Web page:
The writings of St. Thomas Aquinas have a lot in common with those of modern scientists.
Both were concerned to diagram, to connect, to define, every aspect of experience, with a kind of imperialistic ambition. The result for both sets of writings is that of a load of cartons piled up. Moving house, or embarking on a voyage.
Except that Aquinas left room to move, in the world he diagrammed. His flow chart allowed for flow. Or let's say the cartons have holes in them, like for a pet carrier.
His modern counterparts cannot move because they cannot step back and get a sense of what has been accomplished. Their world is defined by exclusionary principles with no basis in science, and so their procrustean sleeping bag in fact is more binding than restful.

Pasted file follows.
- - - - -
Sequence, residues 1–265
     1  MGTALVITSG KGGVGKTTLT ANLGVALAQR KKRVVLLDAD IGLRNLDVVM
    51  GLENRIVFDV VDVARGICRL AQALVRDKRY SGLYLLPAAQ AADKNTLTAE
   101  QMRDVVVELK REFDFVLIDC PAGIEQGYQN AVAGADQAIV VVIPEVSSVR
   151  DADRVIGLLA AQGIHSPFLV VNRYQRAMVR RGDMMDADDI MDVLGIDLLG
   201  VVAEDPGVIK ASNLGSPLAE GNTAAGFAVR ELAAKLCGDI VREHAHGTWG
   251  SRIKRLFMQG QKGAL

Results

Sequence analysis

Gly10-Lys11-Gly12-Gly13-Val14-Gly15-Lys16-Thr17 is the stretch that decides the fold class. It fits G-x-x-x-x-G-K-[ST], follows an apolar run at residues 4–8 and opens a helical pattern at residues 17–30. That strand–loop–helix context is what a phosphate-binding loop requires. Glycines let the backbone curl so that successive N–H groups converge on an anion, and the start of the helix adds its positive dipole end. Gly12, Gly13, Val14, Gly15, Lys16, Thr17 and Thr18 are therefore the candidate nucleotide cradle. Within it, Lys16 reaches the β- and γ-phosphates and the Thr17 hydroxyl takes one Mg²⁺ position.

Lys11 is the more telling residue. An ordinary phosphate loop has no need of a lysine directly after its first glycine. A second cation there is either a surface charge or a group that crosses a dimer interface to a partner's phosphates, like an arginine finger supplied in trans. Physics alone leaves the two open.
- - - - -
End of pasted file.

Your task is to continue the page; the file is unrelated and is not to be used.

Aquinas's concern to include Aristotle, which is a kind of intellectual binding, is actually liberating because it inspires growth, original thinking. The comparable rule binding modern scientists, variations of the principle of verification, results in excisions of reality that in fact, are blinding.
There is room in the world Aquinas sketches, for questions about the content of the cardboard itself. Modern science, insisting they can answer that kind of question, wind up with babbling on subjects like free will, or nothingness. Their rejection of metaphysics is at the cost of espousing a metafizzle.